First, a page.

‘Scandalous’ Proves It’s Better to Be Prince Than Batman
In 1989, if you had had the choice between being Batman or Prince, which would you have chosen? Each choice had its own benefits: If you were Batman you got to play with a bunch of cool gear, drive an amazing hot rod around town, beat the living daylights out of bad guys and, as your secret identity Bruce Wayne, you got to squire a number of young ladies around Gotham and, you know, back at your mansion.
If you were Prince, though, you got to be Prince.
There's no real decision to be made. With the exception of assaulting bad guys, everything Batman got to do, Prince got to do, too. Plus, he was Prince. To heck with the Bat-gear. Sign us up for the heels and funky white guitar.
On the 1989 Batman soundtrack album, Prince explored each of the main protagonists in in the story—Batman, the Joker, Bruce Wayne and Vicki Vale (a reporter and romantic interest of just about everyone else in the movie). Each of the songs features Prince in character as one of those people.
There's one exception—"Scandalous," a come-hither slow jam which ostensibly (according to the liner notes) is rendered in the voice of Batman. This is ludicrous; Batman would have never said the things Prince sings in the song. For one, Batman wears a cowl, Bat-armor and a cape, which would make it physically impossible for him to invite his beloved to do some of the things he invites her to do. Secondly, by inviting his beloved to do such things in his low, gravelly voice he would sound far too creepy, leading Vicki to do a bit less disrobing and a bit more running away in terror.
No, with "Scandalous," Prince wrote himself into the Batman story, fashioning himself as a super-character whose chief powers were his own irresistibility and his ability to get freaky on a moment's notice. Neither of these would have gotten him into the Justice League, but chances are, he had a lot more fun than his would-be super-colleagues.
The song's main instrumental bed consists of warm keyboard chords over electronic drums. And it is very warm; it's like the keyboard setting is channeling the body heat coming off those in attendance at the recording session (which initially, consisted of just Prince himself, but this was 1989—he radiated sexual energy all by his lonesome back then). Prince does his full lover-man falsetto, and the first word he sings, of course, is "Come." It hangs there for a long moment before being followed by the second word he sings: "… closer."
Perhaps feeling Vicki hasn't gotten close enough to him, Prince gives a couple more instructions: "Don't be afraid, baby, touch it and explode / Understand, understand that I love U / Oh, but more than that, I want U." The "I want U" is whispered, for effect, and so she knows he's serious.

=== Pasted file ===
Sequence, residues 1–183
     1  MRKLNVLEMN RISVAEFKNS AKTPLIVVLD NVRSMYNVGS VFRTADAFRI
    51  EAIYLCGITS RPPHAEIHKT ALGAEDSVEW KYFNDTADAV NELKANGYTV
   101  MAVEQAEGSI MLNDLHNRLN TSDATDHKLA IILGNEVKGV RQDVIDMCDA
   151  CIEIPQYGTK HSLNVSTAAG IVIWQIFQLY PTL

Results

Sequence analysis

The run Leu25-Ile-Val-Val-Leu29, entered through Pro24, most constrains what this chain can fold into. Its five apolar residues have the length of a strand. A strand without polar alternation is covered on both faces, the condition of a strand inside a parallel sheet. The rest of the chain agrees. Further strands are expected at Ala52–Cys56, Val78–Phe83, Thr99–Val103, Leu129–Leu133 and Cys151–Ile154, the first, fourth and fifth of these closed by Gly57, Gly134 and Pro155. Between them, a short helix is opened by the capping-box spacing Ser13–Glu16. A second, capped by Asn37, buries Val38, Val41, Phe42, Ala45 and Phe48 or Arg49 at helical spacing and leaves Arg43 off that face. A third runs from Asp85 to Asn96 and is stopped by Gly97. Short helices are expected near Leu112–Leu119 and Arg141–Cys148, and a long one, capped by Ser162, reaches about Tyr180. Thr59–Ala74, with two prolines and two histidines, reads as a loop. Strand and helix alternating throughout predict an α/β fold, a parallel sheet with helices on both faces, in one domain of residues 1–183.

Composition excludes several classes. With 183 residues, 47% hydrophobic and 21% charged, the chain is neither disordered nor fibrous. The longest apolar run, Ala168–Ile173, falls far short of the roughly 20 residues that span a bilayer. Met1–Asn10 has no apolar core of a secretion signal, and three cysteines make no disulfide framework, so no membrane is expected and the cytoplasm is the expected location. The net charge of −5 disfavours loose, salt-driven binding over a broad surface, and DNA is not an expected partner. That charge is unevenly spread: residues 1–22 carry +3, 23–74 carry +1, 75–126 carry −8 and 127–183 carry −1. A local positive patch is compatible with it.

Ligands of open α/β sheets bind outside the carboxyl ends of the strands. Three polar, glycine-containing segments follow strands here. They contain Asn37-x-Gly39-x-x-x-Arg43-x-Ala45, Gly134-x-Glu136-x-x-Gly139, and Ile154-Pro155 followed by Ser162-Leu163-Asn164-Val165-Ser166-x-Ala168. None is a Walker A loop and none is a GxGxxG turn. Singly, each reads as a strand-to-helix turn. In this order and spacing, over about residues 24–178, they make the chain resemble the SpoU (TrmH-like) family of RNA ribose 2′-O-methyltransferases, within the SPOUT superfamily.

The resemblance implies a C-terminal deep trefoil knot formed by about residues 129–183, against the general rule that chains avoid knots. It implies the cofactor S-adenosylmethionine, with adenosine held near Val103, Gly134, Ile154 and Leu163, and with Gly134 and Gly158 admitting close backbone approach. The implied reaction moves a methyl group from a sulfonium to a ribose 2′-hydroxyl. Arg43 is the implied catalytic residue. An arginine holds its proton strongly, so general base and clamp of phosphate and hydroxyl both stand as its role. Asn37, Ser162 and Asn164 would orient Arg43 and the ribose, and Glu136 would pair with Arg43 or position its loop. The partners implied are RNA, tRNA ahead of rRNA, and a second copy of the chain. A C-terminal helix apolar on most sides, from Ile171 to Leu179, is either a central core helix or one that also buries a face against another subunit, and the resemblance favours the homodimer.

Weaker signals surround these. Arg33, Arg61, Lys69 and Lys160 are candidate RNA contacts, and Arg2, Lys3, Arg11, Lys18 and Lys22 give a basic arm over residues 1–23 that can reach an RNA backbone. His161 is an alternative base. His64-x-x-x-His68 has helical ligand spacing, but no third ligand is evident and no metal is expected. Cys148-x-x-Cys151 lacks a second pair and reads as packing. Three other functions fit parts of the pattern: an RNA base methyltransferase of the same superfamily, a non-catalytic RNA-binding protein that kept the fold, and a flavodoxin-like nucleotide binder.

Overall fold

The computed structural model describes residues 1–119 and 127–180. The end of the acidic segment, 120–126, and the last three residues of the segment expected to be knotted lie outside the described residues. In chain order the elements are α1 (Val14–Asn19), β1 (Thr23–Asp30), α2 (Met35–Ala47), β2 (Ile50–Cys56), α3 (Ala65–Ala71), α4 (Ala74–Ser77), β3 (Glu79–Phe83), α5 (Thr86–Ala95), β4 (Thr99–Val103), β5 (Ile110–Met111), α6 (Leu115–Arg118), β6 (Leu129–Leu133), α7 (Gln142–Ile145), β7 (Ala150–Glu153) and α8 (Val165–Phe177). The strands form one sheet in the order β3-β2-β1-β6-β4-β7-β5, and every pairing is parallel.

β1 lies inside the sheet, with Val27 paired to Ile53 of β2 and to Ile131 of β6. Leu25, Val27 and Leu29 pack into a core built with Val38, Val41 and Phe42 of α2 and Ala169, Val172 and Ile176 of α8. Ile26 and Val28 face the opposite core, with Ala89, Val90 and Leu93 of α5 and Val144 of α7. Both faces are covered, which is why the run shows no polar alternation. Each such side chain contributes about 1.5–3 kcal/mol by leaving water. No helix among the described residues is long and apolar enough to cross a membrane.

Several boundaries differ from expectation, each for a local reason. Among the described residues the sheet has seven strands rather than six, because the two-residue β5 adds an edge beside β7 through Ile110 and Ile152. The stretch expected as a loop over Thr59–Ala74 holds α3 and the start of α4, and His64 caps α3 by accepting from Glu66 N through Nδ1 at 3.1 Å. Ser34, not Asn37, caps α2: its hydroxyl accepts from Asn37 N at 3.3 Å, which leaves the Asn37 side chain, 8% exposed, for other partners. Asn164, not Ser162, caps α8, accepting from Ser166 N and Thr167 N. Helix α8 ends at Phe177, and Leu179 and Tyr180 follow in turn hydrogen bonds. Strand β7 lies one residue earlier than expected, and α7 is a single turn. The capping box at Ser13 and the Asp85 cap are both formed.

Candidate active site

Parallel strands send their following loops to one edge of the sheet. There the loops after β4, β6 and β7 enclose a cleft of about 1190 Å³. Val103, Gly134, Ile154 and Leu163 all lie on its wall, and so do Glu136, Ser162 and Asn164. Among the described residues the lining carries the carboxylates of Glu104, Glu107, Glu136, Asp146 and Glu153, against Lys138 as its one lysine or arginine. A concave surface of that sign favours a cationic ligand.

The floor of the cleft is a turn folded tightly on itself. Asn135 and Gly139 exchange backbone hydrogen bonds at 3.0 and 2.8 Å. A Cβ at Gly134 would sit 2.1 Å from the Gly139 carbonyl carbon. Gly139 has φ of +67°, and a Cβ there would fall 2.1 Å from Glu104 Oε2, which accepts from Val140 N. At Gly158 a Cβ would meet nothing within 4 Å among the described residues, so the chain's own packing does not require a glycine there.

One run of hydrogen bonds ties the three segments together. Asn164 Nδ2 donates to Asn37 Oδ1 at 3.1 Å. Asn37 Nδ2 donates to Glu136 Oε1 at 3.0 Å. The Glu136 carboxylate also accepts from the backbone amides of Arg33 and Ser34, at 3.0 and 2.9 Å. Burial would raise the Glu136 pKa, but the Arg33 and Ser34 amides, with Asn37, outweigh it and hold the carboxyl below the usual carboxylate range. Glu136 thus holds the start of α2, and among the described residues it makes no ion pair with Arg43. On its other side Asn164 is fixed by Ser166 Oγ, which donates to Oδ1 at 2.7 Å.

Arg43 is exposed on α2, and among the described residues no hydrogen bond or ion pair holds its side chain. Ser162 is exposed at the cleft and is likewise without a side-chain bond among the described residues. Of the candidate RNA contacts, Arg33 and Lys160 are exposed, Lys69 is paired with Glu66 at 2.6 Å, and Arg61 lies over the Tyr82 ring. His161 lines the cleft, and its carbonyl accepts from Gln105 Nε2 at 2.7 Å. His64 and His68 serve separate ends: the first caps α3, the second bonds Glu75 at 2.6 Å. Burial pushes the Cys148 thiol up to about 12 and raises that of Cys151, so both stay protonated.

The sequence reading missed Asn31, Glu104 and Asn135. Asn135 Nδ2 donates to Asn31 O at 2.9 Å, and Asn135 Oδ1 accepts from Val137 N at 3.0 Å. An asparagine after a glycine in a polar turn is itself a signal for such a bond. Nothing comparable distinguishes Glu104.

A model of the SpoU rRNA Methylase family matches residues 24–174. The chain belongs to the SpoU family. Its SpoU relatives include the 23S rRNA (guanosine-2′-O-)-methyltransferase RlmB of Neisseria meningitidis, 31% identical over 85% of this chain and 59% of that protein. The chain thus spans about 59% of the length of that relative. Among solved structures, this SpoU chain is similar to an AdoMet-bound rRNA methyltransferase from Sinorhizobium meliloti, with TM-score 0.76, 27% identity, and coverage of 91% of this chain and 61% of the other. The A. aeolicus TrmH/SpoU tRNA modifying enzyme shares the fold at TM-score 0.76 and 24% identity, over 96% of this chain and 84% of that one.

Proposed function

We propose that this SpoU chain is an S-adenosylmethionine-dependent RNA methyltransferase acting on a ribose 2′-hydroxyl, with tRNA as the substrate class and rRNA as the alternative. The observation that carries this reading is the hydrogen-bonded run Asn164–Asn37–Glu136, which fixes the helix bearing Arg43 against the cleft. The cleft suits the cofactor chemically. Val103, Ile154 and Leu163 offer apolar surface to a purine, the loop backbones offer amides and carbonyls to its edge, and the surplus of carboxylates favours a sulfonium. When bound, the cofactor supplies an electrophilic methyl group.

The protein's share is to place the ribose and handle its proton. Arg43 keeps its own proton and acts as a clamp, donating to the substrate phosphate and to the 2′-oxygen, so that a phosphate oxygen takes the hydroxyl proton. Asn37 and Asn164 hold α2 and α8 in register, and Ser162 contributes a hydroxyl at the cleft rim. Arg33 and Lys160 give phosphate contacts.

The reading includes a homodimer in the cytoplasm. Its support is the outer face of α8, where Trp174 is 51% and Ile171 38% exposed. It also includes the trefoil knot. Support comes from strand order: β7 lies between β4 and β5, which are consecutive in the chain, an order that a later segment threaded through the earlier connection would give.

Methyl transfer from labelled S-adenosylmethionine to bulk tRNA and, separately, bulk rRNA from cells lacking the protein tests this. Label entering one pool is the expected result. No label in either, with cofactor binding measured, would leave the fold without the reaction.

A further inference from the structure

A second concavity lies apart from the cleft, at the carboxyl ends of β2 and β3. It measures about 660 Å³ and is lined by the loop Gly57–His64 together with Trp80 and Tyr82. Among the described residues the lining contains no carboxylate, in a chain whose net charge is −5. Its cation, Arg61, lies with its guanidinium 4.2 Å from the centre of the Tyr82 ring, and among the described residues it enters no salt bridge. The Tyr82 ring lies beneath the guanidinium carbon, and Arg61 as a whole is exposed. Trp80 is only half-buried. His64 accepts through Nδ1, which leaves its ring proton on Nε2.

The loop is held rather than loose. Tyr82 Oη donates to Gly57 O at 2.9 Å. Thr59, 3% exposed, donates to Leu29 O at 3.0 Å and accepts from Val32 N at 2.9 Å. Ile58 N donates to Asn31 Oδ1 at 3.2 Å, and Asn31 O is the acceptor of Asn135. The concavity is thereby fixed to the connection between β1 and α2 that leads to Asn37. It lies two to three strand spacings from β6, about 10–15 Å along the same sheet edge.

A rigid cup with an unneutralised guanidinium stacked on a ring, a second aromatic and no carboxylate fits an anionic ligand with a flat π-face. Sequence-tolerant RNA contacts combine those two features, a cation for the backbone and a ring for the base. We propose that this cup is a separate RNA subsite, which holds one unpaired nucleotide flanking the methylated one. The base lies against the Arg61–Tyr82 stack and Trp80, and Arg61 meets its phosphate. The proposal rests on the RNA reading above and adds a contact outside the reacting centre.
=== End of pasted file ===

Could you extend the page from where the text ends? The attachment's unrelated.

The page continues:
Do you see why Batman could not possibly have taken part in this scene? If Michael Keaton said, "Touch it and explode" the same way he said, "I'm Batman," Vicki Vale would have been smart to run for a flak jacket, instead of … touching … it.
The loviny-doviny going down has got to be fogging up every window in the vicinity as Prince makes it known he is totally down for whatever: "Anything's acceptable," he sings, "just ask me and I'll try it." She apparently obliges, in impressive fashion: "Oh girl, the things U make me do / Genius is the only way to describe U." One can imagine the Bat-ceiling trusses and Bat-Twister board game being employed.
And toward the end of the song, one hears in the mix the occasional female whimpers, presumably from Vicki Vale herself. These passionate moments take us to an even grander, even more "Scandalous" situation—the "Scandalous Sex Suite."
Ah, the "Scandalous Sex Suite." Take the six minutes of "Scandalous" and expand them into a three-part, 20-minute "mega-mix," including Eric Leeds' saxophone, an awesome guitar solo, additional choirs of Prince voices and a dialogue between Prince and Kim Basinger (who played Vicki Vale, and who was his then-current paramour).
Only it was more than a dialogue, if speculation from the time was accurate. Yes, there were the stilted lines they spoke (Basinger: "It's so dark in here." Prince: "I can see U." Basinger: "What do I look like?" Prince: "Overdressed."), but there were also the vocal expressions of a consensual encounter that were captured on tape and added to the mix. And those expressions were not simply the quiet mewling from the album cut—these were full-on grunts (and giggles) of love that rumor had it resulted from a genuine consensual encounter in the vocal booth.
If that's true, then the young men who rushed out to purchase the Scandalous Sex Suite EP in 1989 had quite the artifact in their record collections. They also had one more reason that it was better to be Prince than Batman.
Watch Prince's "Scandalous" Video